Today’s New York Times’ (NYT) article highlighting ISIS’ sexual enslavement of Yazidi women has cast a critical light on the issue of slavery and Islam. The ensuing implications should concern all Muslims. This is so owing to the fact that ISIS presents its practices as normative Islam and accuses the masses of Muslims who reject their draconian interpretation of the religion as ignoramuses or cowards who are afraid to identify with “real” Islam.
ISIS’ practices and fatwas are based on a type of literalism that has never been part of normative Islam, both during its formulation and after its maturation. Why is this so? Normative Islam is based on both rulings and interpretive principles. Those who, like ISIS, separate the rulings from the interpretive principles underlying them, both misrepresent Islam and open the door to varieties and degrees of harm that the religion strictly forbids.
The idea of understanding rulings in light of interpretive principles is implied by the Prophet, ﷺ, when he stated, “Whosoever Allah desires good for, He gives him a good understanding of the religion.” By implication, one Allah desires to ruin is left void of any understanding. The relevant point here is that merely knowing a particular ruling is not sufficient. One has to understand it.
The first thing we should understand about slavery is that it is not an integral part of Islam such as praying, fasting, the prohibition of interest, etc. As such, it is amenable to being rejected without any sin falling on the one rejecting it. For this reason, every Muslim nation has legally outlawed slavery and there have been no noticeable protests or accusations of sin or disbelief levied at the ministries and scholars who oversaw the drafting of the relevant legislation. We remind Bernard Haykel that these prohibitions occurred long before the advent of ISIS, so they were not motivated by embarrassment.
The fact that slavery is not an integral part of Islam also means that fatwas associated with it are amenable to change with changing circumstances, something that factored into the prohibitions mentioned above. We can cite the following as an example of an issue calling for a change in a fatwa associated with sexual slavery. For those who argue that Islam has retained sexual slavery as a deterrent to other nations from going to war against Muslims; in the current context, the actions of ISIS are being used to fan the flames of war against Muslims as hatred and fear of not just ISIS, but Muslims in general grows. In that the ruling to re-institute slavery has lost its deterrent power, the ruing itself collapses. The legal principle relevant here is the following: “A ruling is associated with its legal rationale, implemented when the latter is present, voided when it is absent.”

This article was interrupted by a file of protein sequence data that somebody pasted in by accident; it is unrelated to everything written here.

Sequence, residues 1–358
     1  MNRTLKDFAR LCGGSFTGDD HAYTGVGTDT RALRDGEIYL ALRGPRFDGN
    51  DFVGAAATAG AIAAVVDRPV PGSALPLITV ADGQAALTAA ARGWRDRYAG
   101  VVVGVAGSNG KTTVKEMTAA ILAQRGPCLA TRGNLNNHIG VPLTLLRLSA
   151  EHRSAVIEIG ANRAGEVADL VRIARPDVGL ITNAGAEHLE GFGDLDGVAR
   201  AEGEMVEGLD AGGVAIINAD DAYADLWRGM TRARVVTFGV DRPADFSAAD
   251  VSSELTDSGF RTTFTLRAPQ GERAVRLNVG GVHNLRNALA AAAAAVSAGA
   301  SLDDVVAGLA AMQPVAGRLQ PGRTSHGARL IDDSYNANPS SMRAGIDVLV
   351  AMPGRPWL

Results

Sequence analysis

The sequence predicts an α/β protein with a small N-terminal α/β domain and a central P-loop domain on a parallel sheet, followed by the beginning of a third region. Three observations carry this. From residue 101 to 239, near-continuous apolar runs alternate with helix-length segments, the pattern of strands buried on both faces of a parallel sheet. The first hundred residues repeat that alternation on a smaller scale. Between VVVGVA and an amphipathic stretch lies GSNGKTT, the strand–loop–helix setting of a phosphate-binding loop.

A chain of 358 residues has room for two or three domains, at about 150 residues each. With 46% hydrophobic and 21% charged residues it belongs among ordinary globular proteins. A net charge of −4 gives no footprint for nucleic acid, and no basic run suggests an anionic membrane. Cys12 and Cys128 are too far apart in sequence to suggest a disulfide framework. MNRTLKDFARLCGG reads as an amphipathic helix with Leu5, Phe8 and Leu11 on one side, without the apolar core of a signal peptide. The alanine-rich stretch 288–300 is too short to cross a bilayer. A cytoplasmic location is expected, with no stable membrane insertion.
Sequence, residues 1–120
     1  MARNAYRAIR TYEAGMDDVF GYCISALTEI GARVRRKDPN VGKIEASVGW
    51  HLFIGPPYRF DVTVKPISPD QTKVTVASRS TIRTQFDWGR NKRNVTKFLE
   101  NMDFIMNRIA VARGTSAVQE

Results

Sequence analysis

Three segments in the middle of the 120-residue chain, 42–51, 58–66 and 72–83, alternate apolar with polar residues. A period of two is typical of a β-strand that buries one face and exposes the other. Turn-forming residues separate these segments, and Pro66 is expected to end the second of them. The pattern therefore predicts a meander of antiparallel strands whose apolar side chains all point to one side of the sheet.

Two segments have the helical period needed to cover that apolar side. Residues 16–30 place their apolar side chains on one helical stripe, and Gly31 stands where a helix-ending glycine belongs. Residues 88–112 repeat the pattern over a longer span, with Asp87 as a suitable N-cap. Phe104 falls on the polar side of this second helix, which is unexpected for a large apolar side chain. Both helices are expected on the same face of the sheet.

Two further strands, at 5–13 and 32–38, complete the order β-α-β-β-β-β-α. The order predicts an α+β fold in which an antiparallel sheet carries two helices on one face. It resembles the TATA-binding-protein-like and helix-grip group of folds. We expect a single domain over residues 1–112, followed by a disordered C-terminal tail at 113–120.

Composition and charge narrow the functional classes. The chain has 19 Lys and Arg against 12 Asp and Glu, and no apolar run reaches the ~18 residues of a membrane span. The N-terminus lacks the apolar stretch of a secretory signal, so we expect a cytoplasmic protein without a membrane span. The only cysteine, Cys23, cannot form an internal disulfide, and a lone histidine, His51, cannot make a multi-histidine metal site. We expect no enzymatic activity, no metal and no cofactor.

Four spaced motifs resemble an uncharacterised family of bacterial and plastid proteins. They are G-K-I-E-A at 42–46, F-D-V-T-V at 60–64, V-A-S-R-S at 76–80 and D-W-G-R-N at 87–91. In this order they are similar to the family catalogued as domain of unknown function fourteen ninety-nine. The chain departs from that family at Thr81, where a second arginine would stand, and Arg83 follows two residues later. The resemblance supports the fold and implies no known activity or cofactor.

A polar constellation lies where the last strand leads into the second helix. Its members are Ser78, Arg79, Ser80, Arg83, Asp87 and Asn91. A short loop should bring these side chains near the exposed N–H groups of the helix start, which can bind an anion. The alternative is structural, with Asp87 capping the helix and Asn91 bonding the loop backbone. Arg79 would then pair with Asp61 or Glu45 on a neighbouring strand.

The widespread rejection of slavery among Muslims has become the ‘Urf or convention of the Muslim people. In this case, such convention has legal authority. One indication of this is that ISIS had to publish articles rebuking its hesitant minions who were repulsed by the idea of enslaving and raping Yazidi women and girls. Rogue individuals or groups who violate this convention do so without any authority or legitimacy.
Another relevant legal principle is consideration of the future harm resulting from implementing a ruling. This principle is subordinate to the principle of removing the means that lead to an unlawful end, even if those means, in some cases, are themselves lawful. In the case of ISIS and slavery, one of the frightening implications of their actions is that it is turning people away from Islam in droves, including many Muslims. Combined with the rise of an organized and aggressive Atheist movement, the murderous and rapacious actions of ISIS are becoming the poster child used to highlight everything that is wrong with religion in general and Islam in particular, in the view those attacking Islam from this angle. The first and highest objective of Islamic law is the preservation of religion itself. When an action, such as sexual slavery, which in no way, shape, or form could be described as an essential of the religion, is undermining the religion, that action is to be rejected. Hence, we reject these repugnant actions of ISIS and urge all Muslims to do the same.
Our religion is not this hideous Frankenstein-like creation being cobbled together by ISIS and their ilk and endorsed by some Islamic studies students at Princeton University. It is a beautiful gift of a sophisticated civilization, however, that gift will not be understood or understandable when the principles that allow us to make sense of various rulings are cast aside. May Allah grant us all understanding.